Editorial: Abu Ghraib swept under the carpet
We would have been hard pressed to think of a more sadly suitable coda to the Bush administration’s mishandling of the Abu Ghraib nightmare than Tuesday’s verdict in the court-martial of the only officer to be tried for the abuse, sexual assault and torture of prisoners that occurred there in 2003.
The verdict was a remix of the denial of reality and avoidance of accountability that the government has used all along to avoid the bitter truth behind Abu Ghraib: The abuses grew out of President Bush’s decision to ignore the Geneva Conventions and American law in handling prisoners after Sept. 11, 2001.
The man on trial, Lt. Col. Steven L. Jordan, was not a career officer. He was one of a multitude of reservists pressed into Iraq duty, many of them for jobs beyond their experience or abilities. A military jury of nine colonels and a brigadier general decided that he was not to blame for the failure to train or supervise the Abu Ghraib jailers and acquitted him on all charges related to the abuse. He was convicted only of disobeying an order to keep silent about Abu Ghraib. Even that drew only a reprimand, from an organization that Colonel Jordan presumably has no further interest in serving.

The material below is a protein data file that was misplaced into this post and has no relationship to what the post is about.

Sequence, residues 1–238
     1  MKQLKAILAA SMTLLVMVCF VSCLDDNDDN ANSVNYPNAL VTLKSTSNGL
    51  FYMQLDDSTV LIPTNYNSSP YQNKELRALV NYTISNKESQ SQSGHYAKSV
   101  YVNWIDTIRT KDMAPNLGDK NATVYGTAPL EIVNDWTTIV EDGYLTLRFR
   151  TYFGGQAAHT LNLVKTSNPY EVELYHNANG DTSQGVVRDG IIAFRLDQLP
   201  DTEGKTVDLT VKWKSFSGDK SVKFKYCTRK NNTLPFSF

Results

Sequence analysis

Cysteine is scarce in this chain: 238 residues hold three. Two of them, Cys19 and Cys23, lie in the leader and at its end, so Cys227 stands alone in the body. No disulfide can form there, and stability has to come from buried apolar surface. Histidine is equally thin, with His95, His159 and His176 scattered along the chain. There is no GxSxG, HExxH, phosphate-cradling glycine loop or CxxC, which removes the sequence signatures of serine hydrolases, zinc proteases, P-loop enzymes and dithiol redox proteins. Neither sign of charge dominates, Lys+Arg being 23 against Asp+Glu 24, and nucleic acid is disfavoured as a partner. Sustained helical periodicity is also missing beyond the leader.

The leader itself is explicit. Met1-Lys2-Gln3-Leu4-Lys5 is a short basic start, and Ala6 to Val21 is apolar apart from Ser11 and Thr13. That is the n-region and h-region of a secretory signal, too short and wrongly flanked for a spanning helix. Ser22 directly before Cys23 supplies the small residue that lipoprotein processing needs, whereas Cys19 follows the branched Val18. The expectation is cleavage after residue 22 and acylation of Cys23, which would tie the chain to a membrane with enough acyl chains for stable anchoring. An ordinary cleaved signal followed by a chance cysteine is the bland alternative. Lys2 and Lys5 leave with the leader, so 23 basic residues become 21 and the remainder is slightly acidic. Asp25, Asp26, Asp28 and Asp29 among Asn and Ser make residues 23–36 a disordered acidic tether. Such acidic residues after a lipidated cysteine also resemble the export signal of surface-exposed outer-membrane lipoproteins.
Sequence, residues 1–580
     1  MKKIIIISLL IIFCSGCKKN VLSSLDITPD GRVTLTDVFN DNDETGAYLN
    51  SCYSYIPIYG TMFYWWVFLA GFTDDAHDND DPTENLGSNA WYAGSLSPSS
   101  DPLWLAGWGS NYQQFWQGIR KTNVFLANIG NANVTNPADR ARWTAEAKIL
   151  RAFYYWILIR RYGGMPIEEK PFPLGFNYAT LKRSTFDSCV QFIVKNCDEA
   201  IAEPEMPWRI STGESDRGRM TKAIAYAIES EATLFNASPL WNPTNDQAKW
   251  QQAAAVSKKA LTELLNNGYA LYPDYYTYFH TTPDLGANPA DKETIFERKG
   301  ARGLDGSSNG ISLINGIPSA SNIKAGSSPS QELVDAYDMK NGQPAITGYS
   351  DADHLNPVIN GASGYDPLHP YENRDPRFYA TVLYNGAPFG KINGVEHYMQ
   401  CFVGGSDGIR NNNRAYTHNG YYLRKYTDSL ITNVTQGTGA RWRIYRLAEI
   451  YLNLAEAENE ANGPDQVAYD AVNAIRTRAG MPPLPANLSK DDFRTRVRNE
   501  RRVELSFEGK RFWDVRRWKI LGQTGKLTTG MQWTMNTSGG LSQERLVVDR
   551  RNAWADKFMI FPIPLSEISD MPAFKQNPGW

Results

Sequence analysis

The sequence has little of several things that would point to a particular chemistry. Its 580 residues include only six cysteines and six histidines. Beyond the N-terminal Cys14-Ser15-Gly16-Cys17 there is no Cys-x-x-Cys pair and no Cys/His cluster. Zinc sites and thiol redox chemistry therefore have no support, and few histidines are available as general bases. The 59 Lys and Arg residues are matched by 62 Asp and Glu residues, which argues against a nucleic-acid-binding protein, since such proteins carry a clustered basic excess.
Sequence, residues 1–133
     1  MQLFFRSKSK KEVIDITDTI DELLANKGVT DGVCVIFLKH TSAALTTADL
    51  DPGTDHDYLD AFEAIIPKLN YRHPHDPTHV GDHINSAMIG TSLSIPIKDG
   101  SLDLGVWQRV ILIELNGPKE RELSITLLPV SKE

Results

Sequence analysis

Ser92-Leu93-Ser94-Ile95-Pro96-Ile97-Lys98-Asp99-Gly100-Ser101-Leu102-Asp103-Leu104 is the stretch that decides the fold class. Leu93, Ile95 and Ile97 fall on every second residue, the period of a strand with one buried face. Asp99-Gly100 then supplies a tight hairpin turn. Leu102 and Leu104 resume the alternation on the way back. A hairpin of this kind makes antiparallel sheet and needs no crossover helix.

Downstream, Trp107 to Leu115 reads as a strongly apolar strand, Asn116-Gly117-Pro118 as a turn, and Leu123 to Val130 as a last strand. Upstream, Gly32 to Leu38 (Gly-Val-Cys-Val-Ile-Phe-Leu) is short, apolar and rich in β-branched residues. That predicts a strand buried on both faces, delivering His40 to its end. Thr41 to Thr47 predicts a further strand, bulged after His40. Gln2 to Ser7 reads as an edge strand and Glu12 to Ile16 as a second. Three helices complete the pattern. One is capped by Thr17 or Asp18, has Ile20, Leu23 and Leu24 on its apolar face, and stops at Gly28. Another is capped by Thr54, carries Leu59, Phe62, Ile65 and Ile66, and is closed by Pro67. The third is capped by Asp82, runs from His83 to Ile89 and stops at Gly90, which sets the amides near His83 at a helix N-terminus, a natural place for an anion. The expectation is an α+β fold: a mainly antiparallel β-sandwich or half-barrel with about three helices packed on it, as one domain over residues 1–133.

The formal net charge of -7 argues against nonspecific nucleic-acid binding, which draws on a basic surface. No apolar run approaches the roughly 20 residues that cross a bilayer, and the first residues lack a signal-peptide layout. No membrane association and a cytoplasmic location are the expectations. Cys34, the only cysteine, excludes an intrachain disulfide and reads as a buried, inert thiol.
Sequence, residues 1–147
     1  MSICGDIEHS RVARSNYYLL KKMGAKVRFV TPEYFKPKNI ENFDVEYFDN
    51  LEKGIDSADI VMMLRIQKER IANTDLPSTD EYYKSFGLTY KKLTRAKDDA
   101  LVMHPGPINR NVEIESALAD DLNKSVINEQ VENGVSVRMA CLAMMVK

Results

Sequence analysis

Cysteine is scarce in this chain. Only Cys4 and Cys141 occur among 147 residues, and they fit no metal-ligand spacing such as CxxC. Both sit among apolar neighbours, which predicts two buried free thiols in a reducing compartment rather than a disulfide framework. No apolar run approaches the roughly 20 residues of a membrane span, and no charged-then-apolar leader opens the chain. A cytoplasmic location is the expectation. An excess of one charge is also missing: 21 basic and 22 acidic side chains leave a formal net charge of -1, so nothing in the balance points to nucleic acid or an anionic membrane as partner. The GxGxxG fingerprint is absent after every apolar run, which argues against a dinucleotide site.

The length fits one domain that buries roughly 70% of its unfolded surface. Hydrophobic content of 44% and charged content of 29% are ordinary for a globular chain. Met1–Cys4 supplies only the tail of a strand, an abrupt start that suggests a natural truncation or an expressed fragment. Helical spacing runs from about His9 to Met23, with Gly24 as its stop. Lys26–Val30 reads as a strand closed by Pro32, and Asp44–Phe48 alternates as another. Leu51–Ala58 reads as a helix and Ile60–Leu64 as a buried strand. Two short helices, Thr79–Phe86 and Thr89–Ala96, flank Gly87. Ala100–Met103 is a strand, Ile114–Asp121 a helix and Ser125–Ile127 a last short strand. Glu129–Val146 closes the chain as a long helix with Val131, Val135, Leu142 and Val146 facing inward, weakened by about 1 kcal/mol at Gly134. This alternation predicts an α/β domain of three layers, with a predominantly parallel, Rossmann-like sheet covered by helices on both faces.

Our purpose is not to second-guess the verdict. Rather, we fear that this and the other Abu Ghraib trials have served no larger purpose than punishing 11 low-ranking soldiers who committed despicable acts. Not one officer has been punished beyond a reprimand, and there has been even less accountability at higher levels.
President Bush, Vice President Dick Cheney, former Defense Secretary Donald Rumsfeld and other top officials have long claimed that the abuses at Abu Ghraib were the disconnected acts of a small number of sociopaths. It’s clear that is not true.
Read the rest at the NY Times